President Donald Trump's travel and immigration ban is back in court this week. The only trouble is the case is still in the wrong court. The American people need to get the clarity on this issue, and only the U.S. Supreme Court can provide it.
Right now, the case is before a 13-judge panel of the 4th Circuit Court of Appeals in Richmond, Virginia. (The full circuit is actually 15 judges, but 2 judges have recused themselves.) Ten of the judges were appointed by Democrats and three by Republicans. Next week it will be heard in the very liberal 9th Circuit Court in Seattle. Both the 4th and 9th Circuit Courts are either the most liberal, or among the most liberal courts in the country.
That's the first part of the problem. It's not so much that these courts are so liberal, it's the accepted fact that they're so easily identifiable along ideological lines. But it would be no better for a deeply divided America if this case was heard before a court with a very conservative bent.
The second part of the problem is that cases like this need to be held up to the most scrutiny and be heard by the most accountable judges in the legal system. With all due respect to the fame and accountability lower federal court judges have in the legal community, they are relatively anonymous in the wider sphere of American public life.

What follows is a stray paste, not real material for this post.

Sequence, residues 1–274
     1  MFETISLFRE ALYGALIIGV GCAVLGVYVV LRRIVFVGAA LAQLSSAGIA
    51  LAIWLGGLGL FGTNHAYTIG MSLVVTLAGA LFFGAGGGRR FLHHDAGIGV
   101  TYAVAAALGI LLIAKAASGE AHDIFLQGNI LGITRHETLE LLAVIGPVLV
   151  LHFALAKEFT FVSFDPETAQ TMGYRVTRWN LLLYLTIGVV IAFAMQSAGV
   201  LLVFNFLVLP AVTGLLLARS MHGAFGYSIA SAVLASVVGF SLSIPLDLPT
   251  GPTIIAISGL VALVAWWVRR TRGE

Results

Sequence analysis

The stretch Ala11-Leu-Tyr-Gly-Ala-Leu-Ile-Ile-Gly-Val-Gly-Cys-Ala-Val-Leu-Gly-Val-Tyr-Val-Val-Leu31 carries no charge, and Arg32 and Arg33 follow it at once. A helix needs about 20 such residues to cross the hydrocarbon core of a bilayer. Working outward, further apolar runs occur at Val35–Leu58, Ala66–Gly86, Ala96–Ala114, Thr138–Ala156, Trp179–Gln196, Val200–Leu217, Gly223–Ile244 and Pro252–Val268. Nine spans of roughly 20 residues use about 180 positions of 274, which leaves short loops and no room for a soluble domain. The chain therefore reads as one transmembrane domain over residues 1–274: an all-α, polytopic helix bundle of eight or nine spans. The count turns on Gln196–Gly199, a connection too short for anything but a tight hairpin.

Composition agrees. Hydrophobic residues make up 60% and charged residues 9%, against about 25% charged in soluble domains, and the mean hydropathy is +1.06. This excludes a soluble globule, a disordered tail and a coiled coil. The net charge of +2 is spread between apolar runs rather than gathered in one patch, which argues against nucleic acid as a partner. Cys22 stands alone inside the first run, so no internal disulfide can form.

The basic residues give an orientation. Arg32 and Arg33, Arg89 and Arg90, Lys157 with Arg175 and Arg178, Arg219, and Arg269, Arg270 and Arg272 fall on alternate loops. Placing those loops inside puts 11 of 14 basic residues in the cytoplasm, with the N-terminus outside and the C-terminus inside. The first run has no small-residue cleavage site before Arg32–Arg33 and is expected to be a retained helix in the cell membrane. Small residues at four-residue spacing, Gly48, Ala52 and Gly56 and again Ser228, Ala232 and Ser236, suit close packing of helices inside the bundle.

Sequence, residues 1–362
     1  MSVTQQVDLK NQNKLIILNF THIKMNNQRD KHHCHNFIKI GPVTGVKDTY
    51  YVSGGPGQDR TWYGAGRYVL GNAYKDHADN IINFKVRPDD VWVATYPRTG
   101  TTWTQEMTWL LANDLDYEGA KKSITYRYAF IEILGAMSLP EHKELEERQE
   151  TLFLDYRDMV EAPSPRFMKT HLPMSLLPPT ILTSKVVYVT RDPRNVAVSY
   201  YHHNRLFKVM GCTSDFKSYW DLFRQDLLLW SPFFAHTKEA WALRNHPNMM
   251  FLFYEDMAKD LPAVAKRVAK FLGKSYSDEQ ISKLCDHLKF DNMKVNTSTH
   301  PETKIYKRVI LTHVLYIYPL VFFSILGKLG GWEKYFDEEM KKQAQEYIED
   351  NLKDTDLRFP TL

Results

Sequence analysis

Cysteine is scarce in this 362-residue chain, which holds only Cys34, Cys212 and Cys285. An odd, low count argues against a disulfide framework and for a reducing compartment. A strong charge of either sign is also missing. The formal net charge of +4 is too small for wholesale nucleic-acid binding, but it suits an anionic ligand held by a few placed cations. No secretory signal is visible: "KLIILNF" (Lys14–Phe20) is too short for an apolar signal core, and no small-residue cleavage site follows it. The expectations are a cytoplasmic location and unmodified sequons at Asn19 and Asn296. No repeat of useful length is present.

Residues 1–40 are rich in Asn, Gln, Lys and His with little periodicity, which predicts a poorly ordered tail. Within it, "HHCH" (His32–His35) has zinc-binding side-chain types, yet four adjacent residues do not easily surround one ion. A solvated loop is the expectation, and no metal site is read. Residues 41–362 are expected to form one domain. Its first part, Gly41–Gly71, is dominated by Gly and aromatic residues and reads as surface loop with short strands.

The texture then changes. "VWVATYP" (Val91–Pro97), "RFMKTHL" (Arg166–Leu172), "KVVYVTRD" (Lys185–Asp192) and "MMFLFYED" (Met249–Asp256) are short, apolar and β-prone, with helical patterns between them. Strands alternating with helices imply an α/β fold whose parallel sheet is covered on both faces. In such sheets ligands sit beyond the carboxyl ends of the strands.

And that brings us to the highest court of the land. On both of the above criteria, the U.S. Supreme Court passes the test. On partisanship, the high court is much more balanced than the 4th, 9th or any other circuit court in America.
Even with the recent confirmation of decidedly conservative Justice Neil Gorsuch, the Supreme Court is only weighted in favor of conservatives by a razor thin 5-4 margin. And that number isn't ironclad, as we all learned in 2012 when the supposedly conservative-tipped court upheld Obamacare in the famed decision by Chief Justice John Roberts. This is probably the hardest major court in America to definitively label along partisan lines.